So today as you are making choices about abiding with Jesus, about living with integrity and love, about renouncing the spiritual forces of wickedness, about resisting evil, injustice and oppression, about who you will worship and who you will follow, we make these choices again. Today you make choices and I invite you to build on these choices in the years to come. We are here as a church to help you do that and you join us to help us do that too.
The writer Ernest Becker once wrote: religion is an experience and not merely a set of intellectual concepts to meditate upon, it has to be lived (Denial of Death, 272). Christian faith is not a single choice, but continuing choices about life. It is not simply what you learn in confirmation, it is how you live your life from here on out. Continue to look to Jesus. Continue to struggle against all that dehumanizes. Continue to use your freedom and power to love. We are with you. God is with us all. We can love because we were first loved by God. It is up to us to respond to that love as we choose, day in and day out. Amen.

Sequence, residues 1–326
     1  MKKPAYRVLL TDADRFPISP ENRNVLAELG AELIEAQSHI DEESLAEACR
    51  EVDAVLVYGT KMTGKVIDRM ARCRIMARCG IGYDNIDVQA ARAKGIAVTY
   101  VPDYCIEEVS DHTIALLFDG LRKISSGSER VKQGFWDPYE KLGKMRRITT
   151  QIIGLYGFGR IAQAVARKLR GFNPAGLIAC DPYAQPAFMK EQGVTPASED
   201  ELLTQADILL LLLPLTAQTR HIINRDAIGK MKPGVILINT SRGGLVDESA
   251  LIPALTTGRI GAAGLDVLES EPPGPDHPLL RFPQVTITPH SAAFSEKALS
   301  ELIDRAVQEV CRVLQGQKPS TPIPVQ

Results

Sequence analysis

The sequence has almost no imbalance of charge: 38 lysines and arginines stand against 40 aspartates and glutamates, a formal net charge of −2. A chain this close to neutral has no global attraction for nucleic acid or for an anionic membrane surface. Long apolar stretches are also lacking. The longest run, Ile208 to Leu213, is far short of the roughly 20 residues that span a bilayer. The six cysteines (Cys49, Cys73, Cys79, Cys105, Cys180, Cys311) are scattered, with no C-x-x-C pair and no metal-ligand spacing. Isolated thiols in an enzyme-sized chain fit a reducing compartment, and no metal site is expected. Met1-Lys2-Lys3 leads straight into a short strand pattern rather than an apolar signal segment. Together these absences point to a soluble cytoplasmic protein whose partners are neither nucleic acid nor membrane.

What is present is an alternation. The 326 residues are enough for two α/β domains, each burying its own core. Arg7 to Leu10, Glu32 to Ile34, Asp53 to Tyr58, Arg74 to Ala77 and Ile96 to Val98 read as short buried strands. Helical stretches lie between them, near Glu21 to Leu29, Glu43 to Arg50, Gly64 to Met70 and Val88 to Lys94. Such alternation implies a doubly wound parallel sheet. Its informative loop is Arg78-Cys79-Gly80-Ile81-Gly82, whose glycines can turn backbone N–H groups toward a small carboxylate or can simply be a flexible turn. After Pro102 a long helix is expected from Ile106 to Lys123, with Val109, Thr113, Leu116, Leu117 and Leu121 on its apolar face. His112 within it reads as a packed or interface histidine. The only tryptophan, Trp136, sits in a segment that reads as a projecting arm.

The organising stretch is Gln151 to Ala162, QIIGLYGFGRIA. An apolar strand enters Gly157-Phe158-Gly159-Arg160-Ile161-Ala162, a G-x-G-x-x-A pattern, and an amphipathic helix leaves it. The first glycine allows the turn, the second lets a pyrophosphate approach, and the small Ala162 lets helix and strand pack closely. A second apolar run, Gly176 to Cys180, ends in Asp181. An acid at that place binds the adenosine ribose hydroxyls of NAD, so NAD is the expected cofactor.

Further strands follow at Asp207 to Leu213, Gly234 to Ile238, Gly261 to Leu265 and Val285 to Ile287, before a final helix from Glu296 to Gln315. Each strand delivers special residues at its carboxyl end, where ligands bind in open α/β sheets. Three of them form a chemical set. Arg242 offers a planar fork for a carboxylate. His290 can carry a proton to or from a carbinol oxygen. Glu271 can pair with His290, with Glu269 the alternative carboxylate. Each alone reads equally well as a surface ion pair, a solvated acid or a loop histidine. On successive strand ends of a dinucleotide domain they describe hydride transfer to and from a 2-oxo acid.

Monday, May 4, 2009

The Gospel According to Elton John

Sermon preached May 3, 2009

Texts: Acts 4:5-12; I John 3:16-24

Last week I asked you about a singer, Susan Boyle, and many of you knew who she was – the woman who has gained fame from the YouTube broadcast of her appearance on Britain’s Got Talent. So this week I am going to begin with another question about a singer – Elton John. How many of you have heard of him? Shout out some of the songs you know sung by Elton John.